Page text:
By: Cody V.,

As a Sales Rep with Dwolla, I often find myself educating others about not only about our tech stack, procedures, and company but also about the logistics of ACH payments. That process usually includes a candid conversation about ACH returns…

An Overview

ACH stands for the Automated Clearing House—it’s an electronic network allowing banks and their customers to send funds between one another in the US. NACHA, the self-regulatory body that manages the development, administration, and governance of the ACH Network, enforces a set of rules for when an ACH payment fails, which is called an ACH return.

NACHA rules apply to all participants in the ACH network, which includes not just banks and credit unions, but any entity who originates entries to the network or forwards on entries on an Originator’s behalf. For example, when you pay a utility bill via ACH, your utility company’s sends an ACH debit entry to its Originating Depository Financial Institution (ODFI). The ODFI sends the debit entry to the Receiving Depository Financial Institution (RDFI) that holds their customer’s bank account.  These transactions are settled within a business day; however, if there are insufficient funds in the customer’s bank account, an ACH reject will be issued and passed back within 2 business days of the receipt of the entry.

Most ACH return codes are received by the ODFI or RDFI two to three business days after the transaction was originated. However, other codes—like an R07 and R10—may be filed up to 60 days later (on behalf of a consumer bank account) after the transaction was originated.

You may be familiar with ACH return code R01 – Insufficient Funds, which simply means the available and/or cash reserve balance is not sufficient to cover the dollar value of the debit entry. That is just one example out of around 85 total ACH return codes that can happen.

However, each return code constitutes a different reason a payment can fail: some are administrative in nature like R02 and R03, yet others like R10 or R29 are more likely to be fraudulent in nature.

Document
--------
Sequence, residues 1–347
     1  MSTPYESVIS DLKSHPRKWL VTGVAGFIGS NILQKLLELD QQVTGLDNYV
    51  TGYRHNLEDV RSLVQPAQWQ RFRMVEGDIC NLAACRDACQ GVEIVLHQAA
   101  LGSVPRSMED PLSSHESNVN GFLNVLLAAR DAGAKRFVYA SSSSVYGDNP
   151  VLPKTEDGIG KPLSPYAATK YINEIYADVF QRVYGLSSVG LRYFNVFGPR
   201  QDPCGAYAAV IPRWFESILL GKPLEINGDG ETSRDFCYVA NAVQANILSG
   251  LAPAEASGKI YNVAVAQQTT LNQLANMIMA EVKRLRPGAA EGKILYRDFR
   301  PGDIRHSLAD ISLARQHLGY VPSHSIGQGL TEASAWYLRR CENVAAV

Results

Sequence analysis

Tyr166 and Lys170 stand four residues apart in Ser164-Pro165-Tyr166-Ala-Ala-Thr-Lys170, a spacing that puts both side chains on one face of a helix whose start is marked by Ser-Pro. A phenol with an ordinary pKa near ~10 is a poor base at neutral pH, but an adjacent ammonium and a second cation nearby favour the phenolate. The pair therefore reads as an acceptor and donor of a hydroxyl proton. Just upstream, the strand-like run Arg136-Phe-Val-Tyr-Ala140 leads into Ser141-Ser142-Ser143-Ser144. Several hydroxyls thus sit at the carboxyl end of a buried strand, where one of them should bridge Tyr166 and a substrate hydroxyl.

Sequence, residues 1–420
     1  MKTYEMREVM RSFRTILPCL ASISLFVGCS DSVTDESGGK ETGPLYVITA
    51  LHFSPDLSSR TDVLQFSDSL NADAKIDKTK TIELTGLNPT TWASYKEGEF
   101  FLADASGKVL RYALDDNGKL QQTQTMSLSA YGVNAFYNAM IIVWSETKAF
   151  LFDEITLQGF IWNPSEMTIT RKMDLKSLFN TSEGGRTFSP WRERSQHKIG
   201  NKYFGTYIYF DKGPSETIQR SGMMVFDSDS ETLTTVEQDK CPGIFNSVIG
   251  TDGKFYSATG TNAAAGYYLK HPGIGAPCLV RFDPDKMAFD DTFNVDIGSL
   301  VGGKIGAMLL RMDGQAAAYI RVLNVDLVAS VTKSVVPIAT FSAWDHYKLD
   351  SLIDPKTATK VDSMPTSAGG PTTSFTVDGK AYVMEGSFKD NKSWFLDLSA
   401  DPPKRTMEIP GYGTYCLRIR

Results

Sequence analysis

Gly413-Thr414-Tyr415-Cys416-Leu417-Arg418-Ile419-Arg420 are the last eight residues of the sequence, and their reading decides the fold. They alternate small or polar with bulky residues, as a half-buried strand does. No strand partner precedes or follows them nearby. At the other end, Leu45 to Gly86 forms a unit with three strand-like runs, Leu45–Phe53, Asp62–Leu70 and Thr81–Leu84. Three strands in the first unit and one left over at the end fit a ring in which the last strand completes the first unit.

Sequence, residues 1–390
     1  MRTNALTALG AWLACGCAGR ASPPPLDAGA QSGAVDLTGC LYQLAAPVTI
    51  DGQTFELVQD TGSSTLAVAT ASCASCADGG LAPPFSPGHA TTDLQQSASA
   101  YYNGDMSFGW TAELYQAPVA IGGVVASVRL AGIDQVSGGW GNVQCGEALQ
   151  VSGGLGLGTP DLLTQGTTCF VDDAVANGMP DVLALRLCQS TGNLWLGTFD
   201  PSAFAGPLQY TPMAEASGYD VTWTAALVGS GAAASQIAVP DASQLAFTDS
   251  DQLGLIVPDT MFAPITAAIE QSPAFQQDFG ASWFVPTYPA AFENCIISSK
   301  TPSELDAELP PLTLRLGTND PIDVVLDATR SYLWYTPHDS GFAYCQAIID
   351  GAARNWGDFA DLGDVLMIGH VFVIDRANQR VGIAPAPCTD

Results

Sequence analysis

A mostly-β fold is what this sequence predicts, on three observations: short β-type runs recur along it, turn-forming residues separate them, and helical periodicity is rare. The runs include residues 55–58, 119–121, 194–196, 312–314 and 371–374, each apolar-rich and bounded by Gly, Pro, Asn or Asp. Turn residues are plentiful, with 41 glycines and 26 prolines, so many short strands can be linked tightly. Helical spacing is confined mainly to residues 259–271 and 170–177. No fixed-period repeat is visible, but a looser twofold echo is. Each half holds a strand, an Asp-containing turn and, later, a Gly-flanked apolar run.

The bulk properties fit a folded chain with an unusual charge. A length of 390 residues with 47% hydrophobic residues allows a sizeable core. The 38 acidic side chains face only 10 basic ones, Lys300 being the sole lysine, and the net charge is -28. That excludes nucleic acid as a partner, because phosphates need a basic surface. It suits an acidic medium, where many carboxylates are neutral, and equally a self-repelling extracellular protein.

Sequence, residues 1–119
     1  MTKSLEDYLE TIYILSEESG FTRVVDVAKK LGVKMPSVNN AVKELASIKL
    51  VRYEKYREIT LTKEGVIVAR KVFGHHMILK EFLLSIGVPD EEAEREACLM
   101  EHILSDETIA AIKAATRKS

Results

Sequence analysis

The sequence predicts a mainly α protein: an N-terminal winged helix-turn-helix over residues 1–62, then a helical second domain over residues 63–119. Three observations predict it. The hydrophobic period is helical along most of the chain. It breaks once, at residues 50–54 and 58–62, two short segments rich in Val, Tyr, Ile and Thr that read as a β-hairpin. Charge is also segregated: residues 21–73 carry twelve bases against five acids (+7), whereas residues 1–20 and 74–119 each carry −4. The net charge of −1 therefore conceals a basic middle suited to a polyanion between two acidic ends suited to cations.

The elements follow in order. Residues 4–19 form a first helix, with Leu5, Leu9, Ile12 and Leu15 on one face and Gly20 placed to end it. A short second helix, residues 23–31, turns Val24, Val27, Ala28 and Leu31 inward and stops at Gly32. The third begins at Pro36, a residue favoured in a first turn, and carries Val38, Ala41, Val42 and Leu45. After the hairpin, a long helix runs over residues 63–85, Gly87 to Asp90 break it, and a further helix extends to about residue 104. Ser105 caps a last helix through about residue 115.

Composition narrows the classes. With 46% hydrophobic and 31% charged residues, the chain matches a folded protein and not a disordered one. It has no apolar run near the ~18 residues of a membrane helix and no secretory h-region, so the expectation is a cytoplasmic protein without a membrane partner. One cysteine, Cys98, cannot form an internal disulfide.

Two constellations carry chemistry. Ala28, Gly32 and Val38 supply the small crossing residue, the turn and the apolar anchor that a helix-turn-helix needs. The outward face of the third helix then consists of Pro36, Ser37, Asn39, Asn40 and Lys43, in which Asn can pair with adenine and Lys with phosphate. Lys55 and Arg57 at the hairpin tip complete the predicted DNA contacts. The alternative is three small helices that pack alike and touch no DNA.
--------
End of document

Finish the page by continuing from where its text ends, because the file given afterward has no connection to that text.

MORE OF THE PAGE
Here is a full list of ACH return codes

There are so many reasons an ACH payment can fail and logistics behind that payment failure are complicated, so it’s really no surprise I find myself spending a lot of time educating others about this ACH returns process.  

Below is a high-level overview of the complexities behind ACH returns.

Complexities of ACH returns

So what actually happens behind the scenes? What are the logistics of an ACH return?

For starters, remember the ODFI and RDFI I mentioned earlier. The process to move funds between the two institutions is not a one-step process, and if an ACH entry fails, that process becomes more lengthy and complex. Namely, the respective RDFI must initiate a reject and the ODFI then must make the appropriate corrections based on which of the over 85 ACH return codes took place. Further, there are some scenarios, such as fraudulent attempts, which can result in a funds-loss situation, requiring more action. Putting the lifecycle in the absolute simplest of terms, the following occurs. 1. A transaction is initiated. 2. The RDFI notifies the ODFI that there is an issue with the respective entry. 3. The ODFI takes appropriate corrective steps based on the return code. 4. The transaction ultimately fails.

While complex, ACH returns are an important aspect to understanding and implementing ACH payments. Returns can be difficult for any business to decipher while remaining compliant with NACHA rules, regulations, and law.

How Dwolla Helps with ACH Returns

Fortunately, Dwolla is here as a partner for you to help streamline the ACH transaction process. As an expert in bank transfers, we’ve spent the better part of a decade bringing automation and innovation to ACH payments.

Our Access API is incredibly simple—and our partners can attest to that.

All of this is wrapped up neatly into a simple, intuitive API and dashboard to help you monitor everything happening on your platform.

When it comes to helping your business handle ACH payments, ACH returns, and aforementioned complexities, perhaps the most important value we provide our customers lies not in any tangible product or feature, but rather in our overall strategy as a company.

We’re a partner, not just a vendor. And we collaborate and work with our customers, listening, understanding, and building mutually beneficial relationships. Yes, we provide a class-leading RESTful API with beautifully architected code and innovative features, yet we absolutely keep your satisfaction and business needs front and center. Feedback is a part of the process. Your success is also ours. Whether strategizing and building your business from the ground up, or launching a new product line, or perhaps completely re-thinking how your business goes to market, we’re here for you. Leave the complexities and heavy lifting of ACH payments to us. Focus on what you do best.

Get started with ACH transfers

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Financial institutions play an important role in the Dwolla network.

Dwolla, Inc. is an agent of Veridian Credit Union and Compass Bank and all funds associated with your account in the Dwolla network are held in pooled accounts at Veridian Credit Union and Compass Bank. These funds are not eligible for individual insurance, including FDIC insurance and may not be eligible for share insurance by the National Credit Union Share Insurance Fund. Dwolla, Inc. is the operator of a software platform that communicates user instructions for funds transfers to Veridian Credit Union and Compass Bank.